Sharon Jones & the Dap-Kings, People Don’t Get What They Deserve
Sharon Jones & the Dap-Kings take the sounds of classic soul music and give them just enough of a contemporary spin to avoid being mere imitation. Best yet, Jones is a powerhouse singer and she is back in full voice after last year’s bout with cancer. The first track, “Retreat!,” is on fire and Jones makes clear she has no interest in taking prisoners, as she warns: “Taking you apart is my kind of fun / Count to three and then you better run / 1, 2, 3, here I come!” And the title track surges with outrage. Still, there are some killer ballads on the album, like the closing, soulful, “Slow Down, Love.” It’s a brief album, but all the better because of it.
Lucinda Williams, Down Where the Spirit Meets the Bone
Down Where the Spirit Meets the Bone, on the other hand, is not a brief album. Clocking in at over an hour and forty minutes, it’s longer than the Beatles’ White Album. And while its length has meant that I haven’t heard the entire record in one sitting more than twice, the songs stick with you, so that by the time I’d seen her in concert at the end of November, songs like “Burning Bridges,” “Cold Day in Hell,” and “Something Wicked This Way Comes” felt like bitter old friends. Lucinda still sounds on top of her game well into her fourth decade of recording music.
Jack White, Lazaretto
For me, Lazaretto is worth the price of admission alone for White’s update of Blind Willie McTell’s “Three Women.” But the album is filled with melody, invention, and eccentricity, as White draws on blues, folk, country, and mashes them through more contemporary sounds and sensibilities. Some critics have found this White’s most self-conscious, even awkward, record. There’s no doubt that it’s slicker sounding than anything he has done so far—though no less weird—and that he has left the joyful simplicity of something like “You’re Pretty Good Looking” far behind him. But if White is working hard, he’s doing it with his hands and feet at much as with his brain, boasting:
My veins are blue and connected
And every single bone in my brain is electric
But I dig ditches like the best of ‘em
Yo trabajo duro
Como en madera y yeso
Clap your hands and stomp your feet and, well, scratch your head with befuddlement from time to time.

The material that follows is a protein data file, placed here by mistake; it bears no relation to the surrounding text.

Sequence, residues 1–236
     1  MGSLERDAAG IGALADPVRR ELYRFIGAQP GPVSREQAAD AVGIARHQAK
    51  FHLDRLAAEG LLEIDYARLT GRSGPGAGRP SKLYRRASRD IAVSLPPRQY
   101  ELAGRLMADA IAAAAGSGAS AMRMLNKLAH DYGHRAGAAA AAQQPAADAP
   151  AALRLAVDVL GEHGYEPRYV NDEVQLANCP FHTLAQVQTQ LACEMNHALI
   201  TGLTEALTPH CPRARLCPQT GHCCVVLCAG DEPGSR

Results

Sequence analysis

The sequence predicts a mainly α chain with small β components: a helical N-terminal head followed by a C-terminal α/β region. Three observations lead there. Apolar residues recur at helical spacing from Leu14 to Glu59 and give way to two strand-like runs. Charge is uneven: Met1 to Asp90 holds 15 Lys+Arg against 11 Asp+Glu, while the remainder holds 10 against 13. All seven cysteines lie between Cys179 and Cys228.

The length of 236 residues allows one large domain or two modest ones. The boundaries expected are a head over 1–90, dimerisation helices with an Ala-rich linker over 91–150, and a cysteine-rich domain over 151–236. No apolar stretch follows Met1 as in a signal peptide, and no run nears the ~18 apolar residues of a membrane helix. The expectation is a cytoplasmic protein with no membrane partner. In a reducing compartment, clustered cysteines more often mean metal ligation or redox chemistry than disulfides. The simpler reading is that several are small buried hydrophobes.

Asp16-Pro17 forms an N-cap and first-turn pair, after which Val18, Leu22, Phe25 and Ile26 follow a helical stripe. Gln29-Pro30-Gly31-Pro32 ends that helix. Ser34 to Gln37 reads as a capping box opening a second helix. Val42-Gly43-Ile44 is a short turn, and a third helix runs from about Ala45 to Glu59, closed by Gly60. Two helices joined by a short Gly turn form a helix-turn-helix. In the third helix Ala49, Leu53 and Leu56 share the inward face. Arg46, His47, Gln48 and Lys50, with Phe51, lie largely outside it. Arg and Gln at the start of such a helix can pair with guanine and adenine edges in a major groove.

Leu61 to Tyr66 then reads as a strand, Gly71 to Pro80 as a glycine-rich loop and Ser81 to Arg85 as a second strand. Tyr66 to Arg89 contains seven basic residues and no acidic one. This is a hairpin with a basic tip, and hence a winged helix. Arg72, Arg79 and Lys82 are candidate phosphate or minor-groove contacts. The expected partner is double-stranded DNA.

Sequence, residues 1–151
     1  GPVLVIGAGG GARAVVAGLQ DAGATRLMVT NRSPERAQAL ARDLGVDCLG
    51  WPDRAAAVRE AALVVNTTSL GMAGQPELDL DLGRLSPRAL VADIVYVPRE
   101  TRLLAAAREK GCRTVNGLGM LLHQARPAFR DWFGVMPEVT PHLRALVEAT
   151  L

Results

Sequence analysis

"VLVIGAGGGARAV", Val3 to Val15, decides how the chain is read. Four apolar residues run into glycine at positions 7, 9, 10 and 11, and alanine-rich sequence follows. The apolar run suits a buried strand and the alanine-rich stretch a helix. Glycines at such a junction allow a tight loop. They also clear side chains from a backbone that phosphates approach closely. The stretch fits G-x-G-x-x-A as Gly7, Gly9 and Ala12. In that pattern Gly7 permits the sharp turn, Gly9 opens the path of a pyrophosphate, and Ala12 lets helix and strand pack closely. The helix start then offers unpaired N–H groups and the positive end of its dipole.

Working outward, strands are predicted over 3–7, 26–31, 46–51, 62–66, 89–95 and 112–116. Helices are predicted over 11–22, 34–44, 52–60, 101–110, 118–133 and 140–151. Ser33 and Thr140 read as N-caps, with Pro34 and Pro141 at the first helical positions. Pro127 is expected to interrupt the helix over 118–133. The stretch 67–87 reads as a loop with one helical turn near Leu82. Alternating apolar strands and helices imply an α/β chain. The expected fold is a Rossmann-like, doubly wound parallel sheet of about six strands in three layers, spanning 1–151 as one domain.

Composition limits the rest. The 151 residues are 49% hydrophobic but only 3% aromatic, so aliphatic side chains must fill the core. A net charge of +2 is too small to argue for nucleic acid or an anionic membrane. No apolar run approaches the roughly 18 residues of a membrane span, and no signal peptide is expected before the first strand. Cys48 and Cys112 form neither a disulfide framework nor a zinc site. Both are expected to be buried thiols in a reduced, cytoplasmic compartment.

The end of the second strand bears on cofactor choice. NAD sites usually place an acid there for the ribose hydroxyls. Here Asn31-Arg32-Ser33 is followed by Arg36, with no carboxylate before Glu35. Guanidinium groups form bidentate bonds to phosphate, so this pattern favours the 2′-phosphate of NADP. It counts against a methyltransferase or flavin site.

Sun Kil Moon, Benji
I didn’t know what to make of this hushed album when I first heard it, and I’m still not entirely sure, but I do know it caught my attention, compelling me to listen to it again and again. The lyrics seemed plainspoken as if ramblings drawn from songwriter Mark Kozelek’s diary, telling stories of his friends and family, waxing philosophical as he reflects on death, sorrow, and fear. Croaking in a conversational tone, often accompanied only by a guitar and asynchronous backing vocals, I couldn’t always tell when one song left off and another began. But listening to the album closely, the richness of the songs revealed themselves, each clearly distinct from one another, and what initially sound like off-the-cuff lyrics are anything but. It’s not a record for everyone, but if you engage it, it will engage you.
Vijay Iyer, Mutations
Vijay Iyer is one of the best young jazz pianists writing and playing today. And though he usually draws from a wide range of musical traditions, I still wasn’t prepared for an album of subtle chamber music, orchestrated for piano, strings, and “electronics.” It’s a beautiful album, though, that is as rigorous as it is gorgeous. I’d read a number of years ago that string quartets should be relegated to the ash heaps of history because nobody really wrote them any longer; they were artifacts from another time. Zorn and now Iyer are proving that critic wrong. I’ll admit, I would like another jazz album from Iyer, but if his chamber music continues to be as rewarding, I’ll deal with the change in direction if that’s what this album indicates.
John Coltrane, Offering: Live at Temple University [Reissue]
This is, hands down, my favorite album of the year. And while it is billed as a “reissue,” it has never been released in its entirety before, at least not officially, so in a way it is a “new” album. Man, what an album! Coltrane recorded it less than a year before his death in 1967, and it features a new lineup including Alice Coltrane and Pharoah Sanders, McCoy Tyner and Elvin Jones having recently left the band. There’s a sense of discovery here that, while always a part of great jazz, is especially palpable not only because of the ecstatic, exploratory nature of the songs, but because these are soulful musicians learning to play with one another. As an offering, this is spiritual music, but it’s not music for church. Rather, it is the sound of Antonin Artaud’s “victims burned at the stake, signaling through the flames.”